PursuitSAFETY believes pursuits should only be conducted when there is no other way to apprehend a fleeing driver who poses an imminent threat to public safety, i.e., to prevent future injuries and deaths. A life-saving policy works when it is mandatory that officers follow the policy.
Geoffrey Alpert, an international expert who has research high-risk police activities for more than 30 years, states that the policy standards applied to the evaluation of a pursuit as well as to the decision to continue a pursuit needs to include the following three questions:
- If the pursuit were to result in injury or death, would a reasonable person understand why the pursuit occurred or was necessary?
- Is the need to immediately catch the suspect more important than the risk created by the pursuit?
- Do the dangers created by the pursuit exceed the dangers posed by letting the perpetrator escape?
Ret. Police Chief Richard E. Schardan, Sr. has strategically set up this first in a series of “Risk vs. Reward” PowerPoint presentations for the law enforcement policymaker to decide what is too risky. For this presentation, he based his work on the IACP 2015 model policy. Be sure to review Chief Schardan’s notes on each slide.
Why Restrictive Pursuit Policies?
Restrictive pursuit policies not only work; they save lives. Our advisory board rated these policies among the best in the nation:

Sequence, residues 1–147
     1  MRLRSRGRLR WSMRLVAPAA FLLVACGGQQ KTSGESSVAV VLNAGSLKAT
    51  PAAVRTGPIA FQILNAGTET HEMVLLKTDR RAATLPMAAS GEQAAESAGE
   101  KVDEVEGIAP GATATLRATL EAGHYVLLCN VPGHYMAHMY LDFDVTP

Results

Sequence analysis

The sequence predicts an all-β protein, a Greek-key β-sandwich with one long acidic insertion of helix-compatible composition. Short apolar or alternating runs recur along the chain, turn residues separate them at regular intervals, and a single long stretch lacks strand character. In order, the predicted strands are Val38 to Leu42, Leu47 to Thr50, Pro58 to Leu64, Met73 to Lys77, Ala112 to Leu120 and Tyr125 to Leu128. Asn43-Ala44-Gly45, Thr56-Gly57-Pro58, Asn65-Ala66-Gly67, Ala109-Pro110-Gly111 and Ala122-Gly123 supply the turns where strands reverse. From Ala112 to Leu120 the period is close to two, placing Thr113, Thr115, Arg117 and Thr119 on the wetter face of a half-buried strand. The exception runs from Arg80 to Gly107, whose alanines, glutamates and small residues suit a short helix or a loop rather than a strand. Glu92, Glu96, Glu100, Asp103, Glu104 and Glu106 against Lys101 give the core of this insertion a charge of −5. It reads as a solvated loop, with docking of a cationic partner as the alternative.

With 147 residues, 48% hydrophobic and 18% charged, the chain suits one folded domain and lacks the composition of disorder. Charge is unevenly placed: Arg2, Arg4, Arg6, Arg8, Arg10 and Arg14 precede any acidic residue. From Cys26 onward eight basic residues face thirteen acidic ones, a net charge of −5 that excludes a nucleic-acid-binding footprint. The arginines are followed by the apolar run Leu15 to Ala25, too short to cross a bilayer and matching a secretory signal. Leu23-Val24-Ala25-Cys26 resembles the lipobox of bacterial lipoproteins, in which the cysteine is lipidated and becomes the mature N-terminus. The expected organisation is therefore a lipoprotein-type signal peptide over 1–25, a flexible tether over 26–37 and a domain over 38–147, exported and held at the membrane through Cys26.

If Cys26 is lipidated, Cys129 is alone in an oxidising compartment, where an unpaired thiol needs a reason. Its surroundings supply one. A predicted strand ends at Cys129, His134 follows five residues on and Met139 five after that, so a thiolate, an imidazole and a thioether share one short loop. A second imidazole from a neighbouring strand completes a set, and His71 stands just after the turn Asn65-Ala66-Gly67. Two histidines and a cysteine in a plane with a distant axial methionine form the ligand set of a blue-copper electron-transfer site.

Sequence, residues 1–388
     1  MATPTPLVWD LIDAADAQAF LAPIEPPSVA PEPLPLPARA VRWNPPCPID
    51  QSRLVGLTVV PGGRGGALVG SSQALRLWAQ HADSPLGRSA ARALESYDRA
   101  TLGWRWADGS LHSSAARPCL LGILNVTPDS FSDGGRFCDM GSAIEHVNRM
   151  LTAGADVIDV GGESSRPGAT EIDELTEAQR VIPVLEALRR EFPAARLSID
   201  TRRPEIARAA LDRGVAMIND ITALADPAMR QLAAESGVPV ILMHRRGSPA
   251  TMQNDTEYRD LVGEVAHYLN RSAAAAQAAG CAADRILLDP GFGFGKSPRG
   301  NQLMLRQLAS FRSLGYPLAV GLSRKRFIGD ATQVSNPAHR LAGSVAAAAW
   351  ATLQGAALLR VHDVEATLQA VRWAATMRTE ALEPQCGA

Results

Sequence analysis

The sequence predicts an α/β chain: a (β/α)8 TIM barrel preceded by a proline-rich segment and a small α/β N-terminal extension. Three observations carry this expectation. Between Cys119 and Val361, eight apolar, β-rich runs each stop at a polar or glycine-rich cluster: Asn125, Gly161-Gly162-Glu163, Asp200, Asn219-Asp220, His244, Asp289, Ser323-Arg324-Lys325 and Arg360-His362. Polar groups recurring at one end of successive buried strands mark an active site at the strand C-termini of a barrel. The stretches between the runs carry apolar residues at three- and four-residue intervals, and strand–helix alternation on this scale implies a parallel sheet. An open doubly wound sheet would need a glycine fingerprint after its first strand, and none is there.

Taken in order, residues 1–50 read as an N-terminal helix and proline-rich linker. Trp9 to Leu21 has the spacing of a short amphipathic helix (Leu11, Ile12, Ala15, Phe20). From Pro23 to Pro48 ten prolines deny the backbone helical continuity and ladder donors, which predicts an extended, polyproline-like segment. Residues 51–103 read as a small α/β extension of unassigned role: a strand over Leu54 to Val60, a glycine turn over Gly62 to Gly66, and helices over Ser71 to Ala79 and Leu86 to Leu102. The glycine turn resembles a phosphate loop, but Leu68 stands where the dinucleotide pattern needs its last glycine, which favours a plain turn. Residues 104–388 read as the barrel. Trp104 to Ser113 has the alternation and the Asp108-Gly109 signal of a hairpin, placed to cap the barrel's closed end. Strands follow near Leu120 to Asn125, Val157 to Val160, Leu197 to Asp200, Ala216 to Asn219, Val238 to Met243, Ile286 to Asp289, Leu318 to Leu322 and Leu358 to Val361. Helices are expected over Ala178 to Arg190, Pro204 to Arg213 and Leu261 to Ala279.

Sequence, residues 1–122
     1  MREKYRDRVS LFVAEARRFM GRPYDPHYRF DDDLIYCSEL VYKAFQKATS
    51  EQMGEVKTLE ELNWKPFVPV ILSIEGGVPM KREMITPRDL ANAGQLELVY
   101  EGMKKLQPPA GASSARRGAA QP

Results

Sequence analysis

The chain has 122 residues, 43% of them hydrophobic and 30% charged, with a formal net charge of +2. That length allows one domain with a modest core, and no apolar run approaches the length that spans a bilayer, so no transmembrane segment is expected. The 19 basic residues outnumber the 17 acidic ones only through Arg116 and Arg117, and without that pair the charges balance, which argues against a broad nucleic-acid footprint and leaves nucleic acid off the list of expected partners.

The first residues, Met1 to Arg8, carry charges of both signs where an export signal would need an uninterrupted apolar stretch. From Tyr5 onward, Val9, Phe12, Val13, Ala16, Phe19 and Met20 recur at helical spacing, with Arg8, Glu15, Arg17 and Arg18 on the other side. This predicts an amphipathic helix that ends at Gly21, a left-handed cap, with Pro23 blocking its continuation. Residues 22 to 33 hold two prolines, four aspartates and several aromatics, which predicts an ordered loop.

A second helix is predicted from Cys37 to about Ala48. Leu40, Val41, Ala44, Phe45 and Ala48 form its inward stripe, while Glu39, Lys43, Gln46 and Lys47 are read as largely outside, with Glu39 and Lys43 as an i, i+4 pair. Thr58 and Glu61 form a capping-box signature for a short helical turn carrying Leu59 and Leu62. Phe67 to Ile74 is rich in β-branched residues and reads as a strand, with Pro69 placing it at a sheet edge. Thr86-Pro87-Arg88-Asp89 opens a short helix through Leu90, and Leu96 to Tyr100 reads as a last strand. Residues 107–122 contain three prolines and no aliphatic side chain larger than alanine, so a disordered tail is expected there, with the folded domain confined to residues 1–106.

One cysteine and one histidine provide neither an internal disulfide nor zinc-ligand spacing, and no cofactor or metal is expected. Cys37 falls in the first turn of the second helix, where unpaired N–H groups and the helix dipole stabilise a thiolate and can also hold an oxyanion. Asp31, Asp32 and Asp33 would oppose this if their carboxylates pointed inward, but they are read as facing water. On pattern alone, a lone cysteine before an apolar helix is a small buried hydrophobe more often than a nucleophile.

- Orlando, FL, Police Department Pursuit Policy 2009 (pdf)
- Dallas, TX, Police Department Pursuit Policy (pdf)
- Checkpoint Avoidance Policy (pdf)
A model policy to stop drivers who attempt to avoid DUI and vehicle safety checkpoints. Written by Ret. Police Chief Donald Van Blaricom, February 7, 2008.
PursuitSAFETY’s professional advisory board of career law enforcement officers welcomes an opportunity to review your policy and protocol. Please send your information to firstname.lastname@example.org.
It is expectation and belief that encourages us to trust the police. We trust the promise that law enforcement personnel and their departments are set up to protect us. We are grateful to the professional members of law enforcement who continue to strive to improve their pursuit and response-call policies.
Debunking the Myths
“Fleeing drivers who are not chased will eventually be caught. Abandoning the pursuit does not mean the officer stops apprehension efforts; rather, the officer initiates other resources to bring about the apprehension.”
—Lt. John Specht, Hillsboro, Oregon, PD.
Research proves that officers catch most criminals by good detective work, not by a chance encounter and not by a chase. Drivers who flee are going to flee no matter what the policy. People who will pull over appropriately today will do so tomorrow no matter what the policy. Click here to check out other myths.
Research to support our stance: